What matters with Carbohydrates 

For longer and more intense training sessions, extra portions of carbohydrates are required. Otherwise, there will be a drop in performance.

Author: David Schaad, physiotherapist MSc at Medbase





Triathletes lay the foundation for good endurance performance not only with a good training plan, but also with a regularly balanced diet.

Carbohydrates are stored in the form of glycogen in the muscles and liver. When you train long or hard, your glycogen stores are depleted. However, if you consume additional sugars (saccharides) during this time, you can “save” your glycogen reserves in the liver for the final sprint.

Carbohydrates for faster energy supply

Carbohydrates do not provide as many kilocalories as fats, but they do provide energy more effectively than fat or protein: firstly, because the energy from carbohydrates is available to you more quickly. Secondly, because your body gets more energy out of carbohydrates per litre of oxygen inhaled compared to other food components.

To keep your energy stores in your liver and muscles well-filled, you need between six and twelve grams of carbohydrates per kilogram of body weight every day, depending on the amount of exercise you do. With full glycogen stores, you can last longer at high intensities.

Extra carbohydrates are only necessary during intense training sessions

As long as your training is in the basic endurance range, your body will primarily use fat reserves as an energy source. This is also the case with casual training sessions of no more than five hours per week or training sessions that last no more than 90 minutes. Then you don’t need an extra portion of pasta to provide carbohydrates.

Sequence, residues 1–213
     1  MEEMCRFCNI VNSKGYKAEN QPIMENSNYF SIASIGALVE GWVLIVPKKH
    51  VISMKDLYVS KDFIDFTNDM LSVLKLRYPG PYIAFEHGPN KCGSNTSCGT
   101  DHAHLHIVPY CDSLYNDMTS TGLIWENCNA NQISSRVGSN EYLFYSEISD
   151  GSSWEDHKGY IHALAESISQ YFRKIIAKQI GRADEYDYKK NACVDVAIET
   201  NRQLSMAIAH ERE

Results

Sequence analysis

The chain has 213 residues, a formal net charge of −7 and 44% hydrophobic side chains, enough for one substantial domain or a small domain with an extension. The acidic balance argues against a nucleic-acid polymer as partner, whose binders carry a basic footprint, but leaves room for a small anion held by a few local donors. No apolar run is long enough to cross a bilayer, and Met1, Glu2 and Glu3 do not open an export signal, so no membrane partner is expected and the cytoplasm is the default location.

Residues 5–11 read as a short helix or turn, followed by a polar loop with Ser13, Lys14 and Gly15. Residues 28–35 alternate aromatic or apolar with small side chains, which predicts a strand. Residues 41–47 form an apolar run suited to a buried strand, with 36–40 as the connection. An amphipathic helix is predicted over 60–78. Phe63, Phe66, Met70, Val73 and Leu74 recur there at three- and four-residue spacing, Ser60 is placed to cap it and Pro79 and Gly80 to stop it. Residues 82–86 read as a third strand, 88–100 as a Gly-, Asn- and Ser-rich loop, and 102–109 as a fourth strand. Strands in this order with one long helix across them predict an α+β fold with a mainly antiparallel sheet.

Training sessions that last longer than 90 minutes, on the other hand, require additional carbohydrate intake.

Glycogen stores: empty after 90 minutes at the latest

As a rule of thumb, the body consumes 30 to 60 grams of carbohydrates per hour during light exercise; during intense exercise it can be more than 90 grams per hour. During intense endurance exercise, however, even previously high glycogen stores are exhausted after about 75 to 90 minutes. This is why you cannot avoid additional carbohydrate intake during longer training sessions if you do not want to risk a drop in performance.

In the high-intensity training range, the body can burn almost no more fat reserves. A “low carb” diet in this situation makes it difficult to achieve the required performance. Whether training with low glycogen stores can improve fat burning is still unclear.

During training: easily digestible carbohydrates

During high-intensity exercise, it’s best to give your body what your muscles need to provide energy quickly: easily digestible carbohydrates. They help you to increase your power output and perform at your maximum capacity. Easily digestible carbohydrates also delay fatigue and improve your coordination and cognition.

For example, sweetened drinks with household sugar (sucrose), glucose (dextrose) and fructose (fruit sugar), white flour – many things that are actually considered unhealthy can be useful during endurance exercise.

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Preparation before a competition

Before a race, find out which drinks, gels and foods the organiser will be offering at which stand and “train” your stomach and intestine beforehand with these products in the same order. This will help you avoid unpleasant surprises such as exercise-induced diarrhea or abdominal cramps because your digestive system is overwhelmed by the quantity or composition of the products.